In advance of yesterday’s House Ways and Means Committee hearing on tax reform, the Joint Committee on Taxation released its own comprehensive report on destination-based taxation and border adjustments. The report gives an overview of the current state of U.S. international taxation and then delves into the economics of border adjustments, including a summary of the academic literature on associated exchange rate (or other wage or price) adjustments such that exporters would not be advantaged and importers would not be disadvantaged (defined as “trade neutrality,” which we’ve previously explored here and here). Although the JCT ultimately does not take a view on whether the proposed destination-based cash flow tax would achieve this “trade neutrality,” the report does suggest that any currency adjustments would not happen quickly or, perhaps, evenly among importers and exporters, citing empirical studies that conclude that changes in consumer prices affected by exchange rate adjustments happen asymmetrically.

Indeed, witnesses and members of Congress at yesterday’s hearing also focused on potential transition issues relating to the House Blueprint’s destination-based cash-flow tax.  The assembled witnesses included businesspeople and economists both for and against the House Blueprint and border-adjusted taxes generally. One economist, Lawrence Lindsey, predicted that the House Blueprint will result in long-term economic growth. His testimony submitted before the Committee forecasts GDP growth of about 3.5% in the first four to five years after tax reform, followed by longer-term growth of about 2.75%. In contrast, he predicted that failure to pass the reform would slow the growth to a maximum of 2%. Testifying against the proposal was economist Kimberly Clausing, who noted that the plan will only raise revenues as long as the United States is running a trade deficit and that border adjustments will lose revenue when the trade deficit eventually turns into a trade surplus (the Tax Foundation previously forecasted that the plan would raise $1.1 trillion over 10 years). Witnesses on both sides also disagreed on the merits and practicality of a possible challenge to the House Blueprint in the WTO, as we previously discussed here.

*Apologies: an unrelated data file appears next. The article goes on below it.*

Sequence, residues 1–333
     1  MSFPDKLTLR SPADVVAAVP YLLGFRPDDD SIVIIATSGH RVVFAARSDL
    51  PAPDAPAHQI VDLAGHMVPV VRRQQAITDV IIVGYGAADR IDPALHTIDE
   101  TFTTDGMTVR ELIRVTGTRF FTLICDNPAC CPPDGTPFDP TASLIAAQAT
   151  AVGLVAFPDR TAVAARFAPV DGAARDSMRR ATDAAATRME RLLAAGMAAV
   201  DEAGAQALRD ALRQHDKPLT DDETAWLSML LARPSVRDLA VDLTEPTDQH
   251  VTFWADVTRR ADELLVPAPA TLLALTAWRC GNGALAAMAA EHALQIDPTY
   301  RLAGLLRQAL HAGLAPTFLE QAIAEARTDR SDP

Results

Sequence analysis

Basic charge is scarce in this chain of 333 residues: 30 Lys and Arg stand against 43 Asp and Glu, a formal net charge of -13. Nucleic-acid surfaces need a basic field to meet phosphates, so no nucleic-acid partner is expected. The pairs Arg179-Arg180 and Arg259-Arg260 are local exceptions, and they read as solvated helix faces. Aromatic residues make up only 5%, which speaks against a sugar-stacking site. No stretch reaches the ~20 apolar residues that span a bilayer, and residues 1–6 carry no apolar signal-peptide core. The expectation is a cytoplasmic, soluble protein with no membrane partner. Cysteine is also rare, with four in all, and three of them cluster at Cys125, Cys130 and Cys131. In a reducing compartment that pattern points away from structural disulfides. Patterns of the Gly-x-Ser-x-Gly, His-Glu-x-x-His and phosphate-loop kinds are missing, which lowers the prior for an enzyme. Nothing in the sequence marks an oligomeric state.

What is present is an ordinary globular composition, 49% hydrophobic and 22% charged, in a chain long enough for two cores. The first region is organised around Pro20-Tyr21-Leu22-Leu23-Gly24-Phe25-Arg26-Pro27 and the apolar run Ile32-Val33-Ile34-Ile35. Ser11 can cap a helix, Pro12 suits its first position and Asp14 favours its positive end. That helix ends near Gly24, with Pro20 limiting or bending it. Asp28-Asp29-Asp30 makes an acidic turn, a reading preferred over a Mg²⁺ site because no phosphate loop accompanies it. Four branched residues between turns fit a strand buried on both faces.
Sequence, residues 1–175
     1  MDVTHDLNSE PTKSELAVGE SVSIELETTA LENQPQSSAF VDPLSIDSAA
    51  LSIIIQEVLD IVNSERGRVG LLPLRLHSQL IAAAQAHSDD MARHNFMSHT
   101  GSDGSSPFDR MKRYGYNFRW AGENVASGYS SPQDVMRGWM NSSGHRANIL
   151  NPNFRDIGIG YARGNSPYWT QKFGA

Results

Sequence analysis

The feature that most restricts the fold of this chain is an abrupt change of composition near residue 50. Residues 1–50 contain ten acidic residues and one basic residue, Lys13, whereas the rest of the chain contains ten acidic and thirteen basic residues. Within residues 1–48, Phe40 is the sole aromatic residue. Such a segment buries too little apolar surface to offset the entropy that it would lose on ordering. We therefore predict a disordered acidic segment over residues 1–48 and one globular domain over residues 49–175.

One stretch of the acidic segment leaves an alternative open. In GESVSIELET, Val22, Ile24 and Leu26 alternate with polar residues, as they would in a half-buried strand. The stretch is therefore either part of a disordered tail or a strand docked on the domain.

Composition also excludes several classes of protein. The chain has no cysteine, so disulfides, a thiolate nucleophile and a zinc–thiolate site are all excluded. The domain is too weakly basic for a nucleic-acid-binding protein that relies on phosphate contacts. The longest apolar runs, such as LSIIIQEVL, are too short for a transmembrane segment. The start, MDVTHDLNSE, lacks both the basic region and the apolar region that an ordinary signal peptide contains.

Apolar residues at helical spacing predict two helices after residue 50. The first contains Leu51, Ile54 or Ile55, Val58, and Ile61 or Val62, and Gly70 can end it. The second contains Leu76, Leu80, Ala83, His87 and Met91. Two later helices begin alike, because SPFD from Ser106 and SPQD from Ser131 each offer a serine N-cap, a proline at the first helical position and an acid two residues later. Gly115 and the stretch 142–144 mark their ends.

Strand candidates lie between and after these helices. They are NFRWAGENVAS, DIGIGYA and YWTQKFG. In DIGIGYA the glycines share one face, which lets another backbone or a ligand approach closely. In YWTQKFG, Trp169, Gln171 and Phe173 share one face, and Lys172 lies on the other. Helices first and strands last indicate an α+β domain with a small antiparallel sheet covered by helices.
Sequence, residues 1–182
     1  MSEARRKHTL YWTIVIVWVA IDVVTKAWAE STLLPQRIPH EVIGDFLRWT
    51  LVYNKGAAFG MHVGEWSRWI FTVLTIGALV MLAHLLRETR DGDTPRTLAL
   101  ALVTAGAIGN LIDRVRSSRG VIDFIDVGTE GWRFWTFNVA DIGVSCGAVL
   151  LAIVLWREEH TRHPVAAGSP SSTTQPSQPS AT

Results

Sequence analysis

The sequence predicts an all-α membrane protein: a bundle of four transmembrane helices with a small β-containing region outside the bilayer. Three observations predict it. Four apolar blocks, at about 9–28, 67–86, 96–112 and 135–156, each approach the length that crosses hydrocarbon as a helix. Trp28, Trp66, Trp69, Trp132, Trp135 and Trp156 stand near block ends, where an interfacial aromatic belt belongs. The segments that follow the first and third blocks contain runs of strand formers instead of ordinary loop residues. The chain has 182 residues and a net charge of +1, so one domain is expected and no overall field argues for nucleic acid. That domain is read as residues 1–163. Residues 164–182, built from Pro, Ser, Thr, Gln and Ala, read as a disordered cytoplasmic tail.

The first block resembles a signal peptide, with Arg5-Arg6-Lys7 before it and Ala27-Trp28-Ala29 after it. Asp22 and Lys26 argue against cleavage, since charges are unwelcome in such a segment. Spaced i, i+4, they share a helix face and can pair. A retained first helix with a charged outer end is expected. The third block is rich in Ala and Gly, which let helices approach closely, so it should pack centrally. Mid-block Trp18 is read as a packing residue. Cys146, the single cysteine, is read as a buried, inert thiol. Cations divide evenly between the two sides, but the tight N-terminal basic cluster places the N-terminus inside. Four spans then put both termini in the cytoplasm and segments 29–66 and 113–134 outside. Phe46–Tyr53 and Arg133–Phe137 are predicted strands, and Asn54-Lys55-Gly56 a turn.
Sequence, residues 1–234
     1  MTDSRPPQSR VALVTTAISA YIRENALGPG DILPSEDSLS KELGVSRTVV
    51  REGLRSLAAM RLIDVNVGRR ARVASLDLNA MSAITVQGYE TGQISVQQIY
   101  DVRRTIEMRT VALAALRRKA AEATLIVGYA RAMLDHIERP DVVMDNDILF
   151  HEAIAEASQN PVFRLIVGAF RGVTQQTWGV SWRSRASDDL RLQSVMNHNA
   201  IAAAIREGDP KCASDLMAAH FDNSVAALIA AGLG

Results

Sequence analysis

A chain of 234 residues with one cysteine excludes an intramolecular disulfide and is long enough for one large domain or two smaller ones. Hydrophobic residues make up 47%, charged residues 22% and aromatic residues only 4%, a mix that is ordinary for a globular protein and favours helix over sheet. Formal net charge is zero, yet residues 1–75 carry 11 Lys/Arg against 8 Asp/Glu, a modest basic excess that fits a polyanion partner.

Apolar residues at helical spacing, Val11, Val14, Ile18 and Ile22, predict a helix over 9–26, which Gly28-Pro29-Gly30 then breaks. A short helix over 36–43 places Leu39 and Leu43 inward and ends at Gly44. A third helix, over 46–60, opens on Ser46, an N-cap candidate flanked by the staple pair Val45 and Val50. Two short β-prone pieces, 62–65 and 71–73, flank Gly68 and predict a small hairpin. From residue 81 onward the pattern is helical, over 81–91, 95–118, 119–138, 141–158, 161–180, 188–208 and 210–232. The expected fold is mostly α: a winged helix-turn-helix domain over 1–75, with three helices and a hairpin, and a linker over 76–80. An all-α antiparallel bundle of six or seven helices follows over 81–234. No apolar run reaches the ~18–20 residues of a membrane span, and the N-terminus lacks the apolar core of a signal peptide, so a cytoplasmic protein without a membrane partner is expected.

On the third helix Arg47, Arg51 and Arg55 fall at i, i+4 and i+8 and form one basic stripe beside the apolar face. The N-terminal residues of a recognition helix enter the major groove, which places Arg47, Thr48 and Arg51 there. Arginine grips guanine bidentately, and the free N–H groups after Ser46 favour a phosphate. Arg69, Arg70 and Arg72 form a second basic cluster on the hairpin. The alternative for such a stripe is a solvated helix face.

Despite these challenges, there are indications that the DBCFT will continue to be part of the tax reform discourse on Capitol Hill.  Yesterday President Trump announced a new budget plan that does not include any new details on tax reform, but does rely on deficit-neutral tax reform to increase GDP growth to achieve its revenue forecasts and projected 3% growth. The destination-based cash-flow tax, in contrast to the proposal outlined by the Trump administration last month (which itself relied on growth to avoid deficits), would fit the bill for the ten year budget window so long as the Administration can overcome its recent and explicit reluctance to embrace the plan. Another route to a consumption tax could be a classic European-style VAT, as Treasury Secretary Mnuchin suggested at yesterday’s hearing, noting that “many other countries do have a VAT tax system and a corporate tax system and use them in conjunction.”